Movie Review: Celeste and Jesse Forever
Sofia Santos | On 08, May 2019
On a particularly dull afternoon, I asked some friends if they had any film recommendations that would, specifically, “culture” me. TV shows had been taking up my summer thus far. As I racked up a plethora of titles from cult classics to Netflix specials, Celeste and Jesse Forever stood out to me. Soon enough, it was the first in the list I watched. But why? Romantic comedies had never wildly appealed to me, nor did I find solace in them in times of implicit heartbreak. Corny lines were funny to me in ways that are not intended. But this one, with a 71% on Rotten Tomatoes, starred Rashida Jones and Andy Samberg. And, to hark back, TV shows had been taking up my summer thus far – so seeing Karen from The Office and Jake Perralta from Brooklyn 99 together for 90 minutes? I was set for a not-so dull evening.
Romantic comedies, of all the genres, have perhaps the most cliché of clichés: dreamy love songs, the wise gay friend, and (based on how optimistic you are) an unrealistic ending. Celeste and Jesse Forever is known by film critics as the romcom that attempted to “subvert the genre”. It starts off with the classic cute montage of the stars, followed by a smooth transition to them singing in a car. They are undeniably cute, sprinkled with inside jokes and I love you’s. Soon after, Beth and Tucker, the two’s engaged friends, are introduced along with revelation that Celeste and Jesse’s are in fact split up. It’s been six months since, a divorce coming soon!, and their relationship is as infuriating as can be. We meet Elijah Wood, the trying-to-be flamboyant gay friend, Emma Roberts, an archetypal pop star, and Chris D’Elia, playing a minor but, in my opinion, remarkable role. Around the indefinite-minute-mark, an incident between Jones and Samberg gets the rising action rolling.
Celeste and Jesse Forever have a soundtrack that not only subtly sets the tones for very distinct moments, but just sounds good on its own. Starting with Littlest Things by Lily Allen, the mood is instantaneously arranged; her lace voice in E minor atop nostalgic drums already tug at our heartstrings. The beats playing behind vulnerable talks and drunken banter are worth a listen during your own wisps of personal reflection. My earphones broke halfway through the movie, and the background layers of audio were the only thing playing through. However, the bother wasn’t tremendous — The music paired with the gentle cinematography resulted in a visual massage of sorts, worthy of indie music videos.
Touching on cinematography, it was incredibly utilized. Perhaps I had been wired to the choppy swirling cuts of comedy shows, but the cameraman of Celeste and Jesse Forever knew precisely what they were doing. Jesse’s abrupt conversations with Celeste drip with drama but is exhibited with simplicity: close-up shots of their faces in a suddenly dimmer color grade tell the audience infinitely more than what their lines can. There is a continuity kept in mind. When shooting Celeste’s morning routine, and as the second morning comes about, a vital piece is noticeably missing. The efficiency in these subtleties tie together what easily could have been a bland, undercooked, under seasoned dish of a film.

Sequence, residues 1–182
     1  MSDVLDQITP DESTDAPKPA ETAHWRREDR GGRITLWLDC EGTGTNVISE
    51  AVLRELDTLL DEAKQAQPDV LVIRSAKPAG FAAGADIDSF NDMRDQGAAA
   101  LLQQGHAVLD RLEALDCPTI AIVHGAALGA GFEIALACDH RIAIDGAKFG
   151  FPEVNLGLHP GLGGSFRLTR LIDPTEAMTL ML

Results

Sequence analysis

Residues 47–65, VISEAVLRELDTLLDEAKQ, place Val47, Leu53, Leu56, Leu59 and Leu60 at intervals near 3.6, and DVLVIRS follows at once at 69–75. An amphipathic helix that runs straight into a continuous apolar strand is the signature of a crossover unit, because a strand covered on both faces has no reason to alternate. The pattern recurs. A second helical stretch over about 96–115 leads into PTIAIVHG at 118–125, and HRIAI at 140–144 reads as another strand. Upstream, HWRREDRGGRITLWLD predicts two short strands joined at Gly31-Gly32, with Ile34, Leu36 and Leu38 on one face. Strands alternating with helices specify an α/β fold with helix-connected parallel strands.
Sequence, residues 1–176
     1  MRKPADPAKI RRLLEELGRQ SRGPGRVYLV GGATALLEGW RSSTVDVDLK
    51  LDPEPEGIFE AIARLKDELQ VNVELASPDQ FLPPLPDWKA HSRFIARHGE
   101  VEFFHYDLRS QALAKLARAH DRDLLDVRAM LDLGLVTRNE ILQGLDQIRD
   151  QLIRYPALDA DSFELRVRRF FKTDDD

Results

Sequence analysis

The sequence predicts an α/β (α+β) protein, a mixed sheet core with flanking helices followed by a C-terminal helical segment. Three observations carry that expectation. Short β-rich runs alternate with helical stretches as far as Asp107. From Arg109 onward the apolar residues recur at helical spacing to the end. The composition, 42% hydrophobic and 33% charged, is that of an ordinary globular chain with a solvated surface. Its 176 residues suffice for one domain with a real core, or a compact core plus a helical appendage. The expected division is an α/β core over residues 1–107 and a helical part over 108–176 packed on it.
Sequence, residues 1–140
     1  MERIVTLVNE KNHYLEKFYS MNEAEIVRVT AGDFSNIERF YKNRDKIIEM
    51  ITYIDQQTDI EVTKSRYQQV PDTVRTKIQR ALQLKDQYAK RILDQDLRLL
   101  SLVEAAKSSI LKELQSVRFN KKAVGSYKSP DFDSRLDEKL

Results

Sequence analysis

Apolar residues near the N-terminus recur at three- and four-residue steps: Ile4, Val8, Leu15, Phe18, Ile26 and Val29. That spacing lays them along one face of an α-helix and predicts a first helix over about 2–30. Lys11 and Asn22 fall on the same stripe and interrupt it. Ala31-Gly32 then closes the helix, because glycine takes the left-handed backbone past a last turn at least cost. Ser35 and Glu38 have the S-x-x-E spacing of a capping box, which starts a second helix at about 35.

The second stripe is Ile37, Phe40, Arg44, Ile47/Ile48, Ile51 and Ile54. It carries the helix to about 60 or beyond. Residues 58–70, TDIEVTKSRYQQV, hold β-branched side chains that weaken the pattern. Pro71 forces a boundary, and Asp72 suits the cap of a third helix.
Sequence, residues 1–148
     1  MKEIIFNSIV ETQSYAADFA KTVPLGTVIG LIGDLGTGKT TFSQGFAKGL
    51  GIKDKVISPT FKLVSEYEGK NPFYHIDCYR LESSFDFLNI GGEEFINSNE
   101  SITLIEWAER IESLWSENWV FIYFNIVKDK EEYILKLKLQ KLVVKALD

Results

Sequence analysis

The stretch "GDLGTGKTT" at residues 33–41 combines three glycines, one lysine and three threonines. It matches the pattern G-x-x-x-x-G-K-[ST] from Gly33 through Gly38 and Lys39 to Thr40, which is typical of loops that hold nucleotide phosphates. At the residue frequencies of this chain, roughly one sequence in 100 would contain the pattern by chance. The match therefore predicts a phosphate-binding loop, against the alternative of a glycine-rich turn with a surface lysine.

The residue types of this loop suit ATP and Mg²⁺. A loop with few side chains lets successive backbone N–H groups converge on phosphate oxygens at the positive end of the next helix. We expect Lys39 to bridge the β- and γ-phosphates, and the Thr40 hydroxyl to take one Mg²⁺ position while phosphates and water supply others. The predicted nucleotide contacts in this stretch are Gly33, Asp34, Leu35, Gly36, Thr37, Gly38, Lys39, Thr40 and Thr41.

What is overall agreed upon amongst most reviews I’ve read is that the characters essentially made the film. The contrast between Celeste and Jesse are evident, with her in an art gallery and him crying to a wrestling match. She is analytic and organized while he is artistic and haphazard. Beth grounds Celeste, a yogurt employee is talkative on a date, and stoners serve the brave purpose of comic relief. Diverse personalities curates compelling connections, as the audience gets to experience lax yet genuine character development. Despite the aforementioned stoners serving us laughs, each character has idiosyncrasies that entertain us beyond the drug abuse. The comedy bit of a romantic comedy is fulfilled.
But analysis is boring! We watch movies, stream shows, and generally consume art in order to feel something. Though Celeste and Jesse Forever is definitely not groundbreaking, like Mean Girls with its iconic characters and Pulp Fiction with its raw ingenuity, it most certainly makes for a good time. The characters are lovable, the motives true to life, and the lines annoyingly cliché enough to make you go, “Well, that makes sense.” It is a romantic comedy that intertwines the quips of cliché with the anchors of real life. Personally, I would rate it a ⅘, with a solid point dedicated solely to the cast.
So if there’s a particularly dull afternoon, there’s no need to bug your friends in an attempt to look artistically aware – Celeste and Jesse Forever will not make you wish you had your evening back after a particularly dull afternoon. For those who would like to watch the film, I have it for free obtained absolutely legally. Happy watching.